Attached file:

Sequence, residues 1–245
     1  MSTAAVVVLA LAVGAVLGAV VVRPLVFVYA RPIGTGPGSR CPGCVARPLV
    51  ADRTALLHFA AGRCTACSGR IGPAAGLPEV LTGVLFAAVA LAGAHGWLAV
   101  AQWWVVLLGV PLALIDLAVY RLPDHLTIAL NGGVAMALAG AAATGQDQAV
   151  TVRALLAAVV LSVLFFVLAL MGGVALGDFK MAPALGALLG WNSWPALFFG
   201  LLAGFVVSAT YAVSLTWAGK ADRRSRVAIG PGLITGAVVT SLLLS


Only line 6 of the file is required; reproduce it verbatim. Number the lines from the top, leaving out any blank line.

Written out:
   201  LLAGFVVSAT YAVSLTWAGK ADRRSRVAIG PGLITGAVVT SLLLS